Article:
The Delhi-based Last Journey now operates in six cities in India. "It was very slow initially; people didn't warm up to the idea. Now, we've grown to servicing an average of 25–30 cremations a day." In comparison, Reddy's Anthyesti does about three a day.
Last Journey also operates in the U.S., Canada, Australia, Dubai, the U.K., and South Africa, where it provides human remains repatriation primarily to non-resident Indians.
They also follow an asset-light model in all cities except Delhi, where they operate via their own assets, such as hearse vans and freezer boxes. "In other cities, we have an aggregator model. It keeps us lean, and scaling is easier."
The big boost for Last Journey came during the pandemic. They hit 100–150 cremations a day. "It was a big boost for us as a company. It was during that time that people realised that such a service was needed. It gave us validation."
The company is also planning to raise funds soon. "We're in talks with investors. A majority of them have responded positively to us, especially when they understand the size of this industry. It’s a $3.5 billion industry in India, with 11,000–12,000 deaths daily in Tier-1 cities alone."
It remains to be seen whether Jalan will be successful in raising funds in a space that investors in India don't see much of a future in.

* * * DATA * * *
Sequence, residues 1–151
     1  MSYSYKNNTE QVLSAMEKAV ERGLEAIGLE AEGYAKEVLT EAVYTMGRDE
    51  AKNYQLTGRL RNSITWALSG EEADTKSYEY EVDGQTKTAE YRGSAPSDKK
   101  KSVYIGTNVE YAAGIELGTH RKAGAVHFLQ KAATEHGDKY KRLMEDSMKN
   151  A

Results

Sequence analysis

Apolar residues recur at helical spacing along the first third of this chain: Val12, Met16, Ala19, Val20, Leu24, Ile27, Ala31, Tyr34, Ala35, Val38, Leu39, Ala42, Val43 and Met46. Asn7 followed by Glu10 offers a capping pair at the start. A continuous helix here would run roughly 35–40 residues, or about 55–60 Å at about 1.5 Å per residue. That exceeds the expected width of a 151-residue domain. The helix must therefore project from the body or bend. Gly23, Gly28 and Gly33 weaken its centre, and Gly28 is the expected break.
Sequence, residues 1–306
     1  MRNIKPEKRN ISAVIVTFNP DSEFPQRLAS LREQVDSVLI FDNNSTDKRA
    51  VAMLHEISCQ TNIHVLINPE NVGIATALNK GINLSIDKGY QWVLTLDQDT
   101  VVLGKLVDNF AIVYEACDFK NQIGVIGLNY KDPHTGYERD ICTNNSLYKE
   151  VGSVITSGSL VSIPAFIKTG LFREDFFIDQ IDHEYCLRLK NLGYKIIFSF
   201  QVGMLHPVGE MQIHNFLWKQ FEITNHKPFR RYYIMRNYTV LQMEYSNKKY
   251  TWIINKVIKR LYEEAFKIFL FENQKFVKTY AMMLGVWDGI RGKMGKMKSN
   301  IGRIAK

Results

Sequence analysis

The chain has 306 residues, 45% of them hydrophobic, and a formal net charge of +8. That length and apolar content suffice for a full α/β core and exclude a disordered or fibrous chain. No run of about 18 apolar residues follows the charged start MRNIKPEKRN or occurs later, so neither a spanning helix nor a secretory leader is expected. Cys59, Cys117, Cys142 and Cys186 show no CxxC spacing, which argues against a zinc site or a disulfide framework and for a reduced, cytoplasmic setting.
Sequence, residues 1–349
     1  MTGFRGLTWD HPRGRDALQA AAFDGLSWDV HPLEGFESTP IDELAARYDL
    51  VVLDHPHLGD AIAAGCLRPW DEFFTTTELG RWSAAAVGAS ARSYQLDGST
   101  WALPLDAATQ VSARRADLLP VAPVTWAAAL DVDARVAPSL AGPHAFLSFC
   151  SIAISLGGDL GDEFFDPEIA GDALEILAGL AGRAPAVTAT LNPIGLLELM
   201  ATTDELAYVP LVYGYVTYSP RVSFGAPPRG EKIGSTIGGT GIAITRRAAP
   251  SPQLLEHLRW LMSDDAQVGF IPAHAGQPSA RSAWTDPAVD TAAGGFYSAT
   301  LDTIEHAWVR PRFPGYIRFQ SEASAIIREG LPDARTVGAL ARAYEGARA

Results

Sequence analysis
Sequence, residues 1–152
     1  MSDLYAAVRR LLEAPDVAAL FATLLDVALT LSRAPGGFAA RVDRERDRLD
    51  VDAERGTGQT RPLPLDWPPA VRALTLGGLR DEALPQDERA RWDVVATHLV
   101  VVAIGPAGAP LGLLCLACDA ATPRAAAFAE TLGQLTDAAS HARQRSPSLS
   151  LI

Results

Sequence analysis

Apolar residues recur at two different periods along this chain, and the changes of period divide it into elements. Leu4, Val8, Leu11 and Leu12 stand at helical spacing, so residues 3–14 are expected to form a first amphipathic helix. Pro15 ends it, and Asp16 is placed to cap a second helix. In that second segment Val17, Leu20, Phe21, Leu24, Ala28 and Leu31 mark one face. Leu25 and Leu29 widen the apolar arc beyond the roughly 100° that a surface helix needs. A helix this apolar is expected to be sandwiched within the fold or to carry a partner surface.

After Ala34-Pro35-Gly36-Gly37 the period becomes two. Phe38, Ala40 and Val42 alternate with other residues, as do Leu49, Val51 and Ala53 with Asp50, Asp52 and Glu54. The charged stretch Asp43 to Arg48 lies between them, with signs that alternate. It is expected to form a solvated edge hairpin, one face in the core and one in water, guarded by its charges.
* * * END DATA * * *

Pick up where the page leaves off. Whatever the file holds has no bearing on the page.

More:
Globally, the story is different. According to data from Tracxn, there are about 200 'death-tech' companies, ranging from operators of platforms meant for sending after-death messages to those offering funeral services to those creating jewellery made from the ashes of loved ones. A report by Research and Markets pegs the industry size at $152.8 billion by 2026, up from $115.4 billion in 2020.
In India, the death care industry stands at just over $3.5 billion, which is a multifold rise from $0.98 billion back in 2008.
Globally, such startups have managed to raise about $253 million to date. But the road is tougher for their Indian counterparts.
Sajith Pai, a senior venture capitalist at Blume Ventures, says he hasn't come across any startups in the space yet. "Low customer life-time value, given these are one-time transactions, or rare, is a signal. You can't pay a lot for customer acquisition. Plus, there are well-established hyperlocal monopolies — a bit like local pandits or pooja brahmins — who are called for any service, such as transportation of bodies."
Unlike the West, where death rituals and customs have high spending value (such as funeral caskets), there is limited spending in Hindu traditions, Pai said.
Anthyesti's Reddy said a change in consumer behaviour and a marked uptick in the quality of services being provided currently will help this sector boom. "We're definitely seeing an uptick in people searching for keywords on Google related to funeral booking and funeral services. People are warming up to the idea of outsourcing rituals related to cremation to a company."
She said the quality of hearse vans or ambulances and the people managing cremations and funerals need to improve. "Being aggregators, we're still sending the same old people with the same old mentality and attitude. Changing that is going to take time."